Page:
a human being and everybody wants to be happy. It doesn’t mean you’re
not competing, sometimes, or whatever it might be. But there’s a
certain remembrance, and you actually can do it
as a kind of reflection. Everybody’s a human being, and
everybody wants to be happy. And sometimes a corollary
to that is everybody makes mistakes. So, after I’d written the
book, in addition to– now I’m in that phase where
it’s after the book, so now I’m learning
all these other things, and all these people are
bringing anecdotes, and stuff, and I think oh damn. But anyway. After I’d written the book,
I was teaching somewhere here in New York, and
some it came to me and said all week long my
boss has been like a tyrant in a very uncharacteristic way. And she’s been really
unfair, and she’s been really off-putting
and critical, and it was only sitting here
meditating that it occurred to me for the first time, maybe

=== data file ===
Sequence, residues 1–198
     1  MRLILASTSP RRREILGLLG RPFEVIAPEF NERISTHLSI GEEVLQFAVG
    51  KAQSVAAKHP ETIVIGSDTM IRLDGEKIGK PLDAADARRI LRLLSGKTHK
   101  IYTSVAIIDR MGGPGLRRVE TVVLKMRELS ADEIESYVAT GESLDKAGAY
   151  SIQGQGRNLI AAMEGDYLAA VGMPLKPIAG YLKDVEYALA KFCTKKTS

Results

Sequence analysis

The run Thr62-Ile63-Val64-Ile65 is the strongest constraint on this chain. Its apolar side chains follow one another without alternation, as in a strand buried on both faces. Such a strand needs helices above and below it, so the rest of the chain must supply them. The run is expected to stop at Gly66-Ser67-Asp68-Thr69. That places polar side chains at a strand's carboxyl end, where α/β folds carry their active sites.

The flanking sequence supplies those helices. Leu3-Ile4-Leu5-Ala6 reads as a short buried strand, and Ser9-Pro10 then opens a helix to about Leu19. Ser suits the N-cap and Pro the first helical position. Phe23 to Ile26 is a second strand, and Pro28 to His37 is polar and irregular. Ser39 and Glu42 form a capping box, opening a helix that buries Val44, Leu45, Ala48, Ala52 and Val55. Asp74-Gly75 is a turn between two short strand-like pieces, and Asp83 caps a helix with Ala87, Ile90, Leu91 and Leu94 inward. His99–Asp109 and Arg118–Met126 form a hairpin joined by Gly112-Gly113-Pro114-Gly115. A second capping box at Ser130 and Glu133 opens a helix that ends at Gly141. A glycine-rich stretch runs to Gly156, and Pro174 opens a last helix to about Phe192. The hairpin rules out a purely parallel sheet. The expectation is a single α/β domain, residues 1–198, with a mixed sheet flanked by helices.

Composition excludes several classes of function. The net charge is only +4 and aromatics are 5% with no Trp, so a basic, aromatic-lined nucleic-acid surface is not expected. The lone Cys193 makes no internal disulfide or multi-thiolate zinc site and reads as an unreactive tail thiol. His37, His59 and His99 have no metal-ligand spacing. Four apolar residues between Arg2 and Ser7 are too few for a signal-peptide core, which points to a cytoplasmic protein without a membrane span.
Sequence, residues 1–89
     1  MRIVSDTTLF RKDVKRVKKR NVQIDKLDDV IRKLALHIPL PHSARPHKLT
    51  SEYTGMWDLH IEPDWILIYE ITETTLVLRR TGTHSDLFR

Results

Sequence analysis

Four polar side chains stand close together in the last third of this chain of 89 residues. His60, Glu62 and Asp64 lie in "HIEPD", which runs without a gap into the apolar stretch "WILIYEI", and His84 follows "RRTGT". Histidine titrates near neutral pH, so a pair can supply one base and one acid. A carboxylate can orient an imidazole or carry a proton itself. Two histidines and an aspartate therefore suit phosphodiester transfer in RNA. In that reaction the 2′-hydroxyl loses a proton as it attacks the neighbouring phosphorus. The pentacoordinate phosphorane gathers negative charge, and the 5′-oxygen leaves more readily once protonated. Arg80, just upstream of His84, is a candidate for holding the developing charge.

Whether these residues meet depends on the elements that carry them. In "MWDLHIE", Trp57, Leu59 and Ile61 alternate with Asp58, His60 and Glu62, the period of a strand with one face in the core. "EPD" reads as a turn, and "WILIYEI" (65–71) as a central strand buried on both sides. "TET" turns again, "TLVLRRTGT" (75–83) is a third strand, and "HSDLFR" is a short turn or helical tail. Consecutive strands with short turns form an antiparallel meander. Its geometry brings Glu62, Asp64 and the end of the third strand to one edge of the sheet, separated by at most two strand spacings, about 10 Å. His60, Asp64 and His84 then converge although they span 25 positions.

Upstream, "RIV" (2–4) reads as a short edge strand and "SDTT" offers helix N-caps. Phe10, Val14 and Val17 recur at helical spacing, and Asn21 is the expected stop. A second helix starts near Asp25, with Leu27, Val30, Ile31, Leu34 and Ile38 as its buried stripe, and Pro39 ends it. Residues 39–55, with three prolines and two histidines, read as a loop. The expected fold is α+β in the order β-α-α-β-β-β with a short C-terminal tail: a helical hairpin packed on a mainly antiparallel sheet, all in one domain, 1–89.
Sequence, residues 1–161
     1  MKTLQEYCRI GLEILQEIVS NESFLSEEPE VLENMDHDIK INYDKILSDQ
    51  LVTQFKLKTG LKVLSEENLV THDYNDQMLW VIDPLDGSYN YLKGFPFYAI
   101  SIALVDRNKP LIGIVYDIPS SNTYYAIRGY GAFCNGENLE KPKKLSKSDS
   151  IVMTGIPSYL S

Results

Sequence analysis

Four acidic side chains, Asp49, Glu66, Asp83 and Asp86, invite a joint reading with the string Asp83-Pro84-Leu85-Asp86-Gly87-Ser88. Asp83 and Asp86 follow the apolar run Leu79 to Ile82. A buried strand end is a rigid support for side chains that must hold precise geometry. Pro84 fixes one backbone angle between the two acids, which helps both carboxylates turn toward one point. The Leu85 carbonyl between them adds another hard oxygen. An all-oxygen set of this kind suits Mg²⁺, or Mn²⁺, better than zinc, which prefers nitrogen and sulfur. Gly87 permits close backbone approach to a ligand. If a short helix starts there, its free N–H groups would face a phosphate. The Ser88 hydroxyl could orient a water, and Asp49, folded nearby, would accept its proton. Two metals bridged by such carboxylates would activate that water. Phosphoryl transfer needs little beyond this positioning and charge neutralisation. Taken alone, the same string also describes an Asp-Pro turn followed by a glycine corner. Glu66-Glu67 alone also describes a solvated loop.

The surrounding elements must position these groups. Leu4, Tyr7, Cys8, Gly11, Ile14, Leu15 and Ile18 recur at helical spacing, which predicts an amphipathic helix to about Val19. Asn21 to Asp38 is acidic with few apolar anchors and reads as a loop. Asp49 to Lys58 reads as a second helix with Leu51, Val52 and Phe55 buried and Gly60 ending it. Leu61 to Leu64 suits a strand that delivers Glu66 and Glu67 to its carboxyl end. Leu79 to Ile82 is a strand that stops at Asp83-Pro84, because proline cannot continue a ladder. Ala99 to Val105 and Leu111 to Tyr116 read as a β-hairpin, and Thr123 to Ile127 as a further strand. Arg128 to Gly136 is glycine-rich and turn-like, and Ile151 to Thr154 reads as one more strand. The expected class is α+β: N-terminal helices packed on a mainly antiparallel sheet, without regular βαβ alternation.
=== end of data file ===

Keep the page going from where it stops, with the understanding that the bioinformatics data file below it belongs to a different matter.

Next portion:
she’s going through something. Maybe something hard is
happening in her life. And I said to her, well do you
have the kind of relationship where you can ask her,
is anything going on? She said, you know
actually I do. But I thought that was
an interesting moment. It’s like we don’t usually
we stop, and think, oh maybe that person
has something going on. Because we’re just engaged in
defensive or reactive mode. I think it’s just a very
powerful reflection. Everybody’s a human being, and
everybody wants to be happy. And of course the
fear is that that’s going to make us sort of
weak, and sentimental, and kind of gooey, and we’re
going to lose our edge. But I think the reality, of
course, is not that at all. It’s just– it is
more as you say, a kind of we
consciousness within which we can be quite strong. So, I think we need to
stop, but maybe one more. Just finish. AUDIENCE: Thanks for being here. SHARON SALZBERG: Sure. AUDIENCE: So I have a
question about loving kindness meditation. I’ve sort of practiced
mindfulness meditation on and off for a couple
years, but every time I’ve tried to get into loving
kindness it ends up being much easier to
direct positive thoughts externally than internally. And I guess that’s the order–
you start with yourself, and then the ones close to